Traditional Vietnamese Rice Paper Rolls – Goi Cuon
- 1.5 L boiling water
- 400 – 500 gm pork belly rashers (substitute with leaner cuts of pork or chicken breast for healthier alternatives)
- 20 – 25 cooked prawns of your choice, halved
- 250 gm dried dongguan rice vermicelli
- 1 head of butter lettuce (or your choice)
- 1 continental cucumber, cut into strips
- 1 bunch Thai basil
- 1 bunch bunch of coriander
- 1 packet rice paper (20+)
- 1 packet bean sprouts
- 1 bunch garlic chives
- 1 bunch mint
- 2 carrots, cut into strips
- 1 can chopped pineapple
Hoisin Dipping Sauce (Personal Favourite)
- 2 cups reserved pork stock (water used to cook pork or just tap water for vegetarian option)
- 1 cup hoisin sauce
- 1/2 tsp palm vinegar or white vinegar
- 1 tbsp water
- 3 tsp cornstarch
Preparing the Filling
- Wash and prep the vegetables and herbs.
- Add plenty of water to a large pot and bring it to the boil.
- Rinse the pork rashers under a tap and add it to the pot of boiling water. Allow to cook for 18 – 20 mins on medium heat.
- While the pork is cooking, peel and devein the cooked prawns. Then cut each prawn in half length ways with a sharp knife. (Note 1)
- After 18 – 20 mins, take the pork out and leave the stock in the pot. Cut one pork rasher in half to check if its done then set aside to rest and cool.
- In a new pot, boil plenty of water and cook the rice vermicelli noodles as directed by the packaging. Once cooked, drain and leave aside to cool. Do not rinse the noodles.
- Once the pork is cool enough to handle, cut into thin slices. Add the pork slices back into the reserve pork stock on a low setting. This will keep the meat warm and moist before serving.
Your Choice of Dipping Sauce
- For the traditional
Vietnamese dipping sauceor spicy peanut dipping sauceplease follow the links. For the hoisin dipping sauce, please move to the next step.
- Pour 2 cups of the pork stock through a strainer and into pot on medium – low heat.
- Add the hoisin and vinegar. Stir through until completely dissolved.
- In a small bowl combine the water and cornstarch. Add the cornstarch mixture to the sauce pot and continue to stir until the sauce starts boiling.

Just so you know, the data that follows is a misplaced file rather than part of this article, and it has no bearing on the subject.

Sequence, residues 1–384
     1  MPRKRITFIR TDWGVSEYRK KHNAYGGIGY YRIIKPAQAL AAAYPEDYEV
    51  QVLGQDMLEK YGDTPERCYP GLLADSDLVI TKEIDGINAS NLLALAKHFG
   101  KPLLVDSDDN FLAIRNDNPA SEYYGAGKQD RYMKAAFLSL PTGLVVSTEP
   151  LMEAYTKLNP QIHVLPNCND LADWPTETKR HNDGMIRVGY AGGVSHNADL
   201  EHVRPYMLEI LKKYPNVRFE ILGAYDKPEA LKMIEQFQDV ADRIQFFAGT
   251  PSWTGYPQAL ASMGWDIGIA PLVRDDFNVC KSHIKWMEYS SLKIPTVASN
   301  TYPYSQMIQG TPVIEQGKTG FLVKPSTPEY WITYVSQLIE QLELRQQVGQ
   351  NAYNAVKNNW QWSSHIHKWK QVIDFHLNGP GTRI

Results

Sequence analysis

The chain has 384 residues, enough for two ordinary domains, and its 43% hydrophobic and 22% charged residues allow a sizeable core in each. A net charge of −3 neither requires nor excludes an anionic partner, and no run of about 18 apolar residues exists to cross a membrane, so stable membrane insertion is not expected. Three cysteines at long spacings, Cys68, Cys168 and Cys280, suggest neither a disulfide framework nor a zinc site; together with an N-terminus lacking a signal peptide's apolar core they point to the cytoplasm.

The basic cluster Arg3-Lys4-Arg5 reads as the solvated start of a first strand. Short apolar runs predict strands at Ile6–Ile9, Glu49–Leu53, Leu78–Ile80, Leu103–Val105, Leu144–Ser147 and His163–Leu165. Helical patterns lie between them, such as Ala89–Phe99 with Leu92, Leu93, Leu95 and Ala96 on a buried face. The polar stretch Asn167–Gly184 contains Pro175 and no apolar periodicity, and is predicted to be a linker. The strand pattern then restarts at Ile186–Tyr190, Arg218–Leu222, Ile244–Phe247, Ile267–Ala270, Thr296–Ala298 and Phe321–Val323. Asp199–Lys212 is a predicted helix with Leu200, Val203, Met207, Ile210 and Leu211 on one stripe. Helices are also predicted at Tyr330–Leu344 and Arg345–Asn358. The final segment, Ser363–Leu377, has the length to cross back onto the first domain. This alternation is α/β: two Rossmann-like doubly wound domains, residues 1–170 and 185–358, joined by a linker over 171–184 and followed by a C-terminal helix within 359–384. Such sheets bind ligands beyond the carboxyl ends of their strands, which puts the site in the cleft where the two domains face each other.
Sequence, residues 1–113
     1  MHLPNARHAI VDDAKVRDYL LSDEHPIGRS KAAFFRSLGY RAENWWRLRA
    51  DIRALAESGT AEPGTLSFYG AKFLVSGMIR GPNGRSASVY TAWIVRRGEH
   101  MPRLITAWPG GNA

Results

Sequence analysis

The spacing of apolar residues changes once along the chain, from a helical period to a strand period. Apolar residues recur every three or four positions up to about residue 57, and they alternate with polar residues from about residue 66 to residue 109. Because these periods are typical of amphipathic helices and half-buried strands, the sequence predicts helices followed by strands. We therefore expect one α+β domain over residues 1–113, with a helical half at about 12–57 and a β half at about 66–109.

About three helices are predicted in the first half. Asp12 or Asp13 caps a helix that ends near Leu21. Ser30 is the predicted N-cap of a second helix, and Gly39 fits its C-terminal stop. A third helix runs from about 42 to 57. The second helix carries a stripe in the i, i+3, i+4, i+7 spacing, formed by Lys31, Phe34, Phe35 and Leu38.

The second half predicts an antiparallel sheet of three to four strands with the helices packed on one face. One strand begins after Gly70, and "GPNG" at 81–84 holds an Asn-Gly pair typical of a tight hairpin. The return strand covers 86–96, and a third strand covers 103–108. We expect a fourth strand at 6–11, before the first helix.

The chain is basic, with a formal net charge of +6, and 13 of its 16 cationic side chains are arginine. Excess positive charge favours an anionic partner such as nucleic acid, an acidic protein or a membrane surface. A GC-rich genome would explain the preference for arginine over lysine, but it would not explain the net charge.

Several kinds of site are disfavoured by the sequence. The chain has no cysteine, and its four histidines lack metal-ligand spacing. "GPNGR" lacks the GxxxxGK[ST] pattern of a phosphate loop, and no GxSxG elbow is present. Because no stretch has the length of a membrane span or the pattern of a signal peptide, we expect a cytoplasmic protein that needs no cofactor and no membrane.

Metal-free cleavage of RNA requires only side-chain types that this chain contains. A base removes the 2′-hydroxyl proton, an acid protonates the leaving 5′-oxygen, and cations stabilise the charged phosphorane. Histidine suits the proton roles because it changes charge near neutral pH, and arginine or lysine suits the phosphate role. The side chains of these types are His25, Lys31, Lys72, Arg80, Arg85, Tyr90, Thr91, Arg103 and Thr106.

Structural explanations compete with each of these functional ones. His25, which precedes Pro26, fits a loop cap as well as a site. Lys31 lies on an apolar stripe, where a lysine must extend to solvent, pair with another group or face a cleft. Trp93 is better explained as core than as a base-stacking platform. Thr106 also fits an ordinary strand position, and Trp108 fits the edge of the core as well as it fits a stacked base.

- Check the sauce for taste and consistency. If it needs more flavour, then add more hoisin. If it needs to be thicker, add more cornstarch mixed with water. If its too thick, then add more water.
- Take off the heat and set aside.
Assembly (See also slideshow above)
- In large bowls add half cold water and half boiling water. Soften the rice paper by submerging it for a few seconds in the water. (Note 2)
- Place the noodles towards the bottom of the rice paper.
- Top with the meat. vegetables and herbs.
- Roll the rice paper from the bottom and upwards.
- Once you’ve rolled over the filling, fold in the sides then continue rolling all the way to the top.
- My tip for cutting prawns in half is to have the tail pointing away from the knife and positioned towards your body. Pinch the the two ends of the prawn together and begin cutting the prawn through the backside. Be careful of your fingers as the knife cuts through the tail. Try to use a freshly sharpened medium sized kitchen knife and avoid using any knife with a serrated edge.
- Do not over saturate the rice paper. It will cause the rice paper to wilt too much and lose its elasticity. The rice paper will continue to soften once you take it out of the water.
- If you decide to roll the rice paper rolls for your guests or for a potluck dinner, then use baking paper as the divider. It is very important that you do not let them touch each other or you may find you have created the world’s largest rice paper roll.
- If you want to keep costs down, then omit the prawns and replace with more pork or chicken. This will significantly reduce the overall cost of this dish.
3 thoughts on “Vietnamese Rice Paper Rolls – Goi Cuon”
Can’t wait to try these!
I hope they turn out well for you!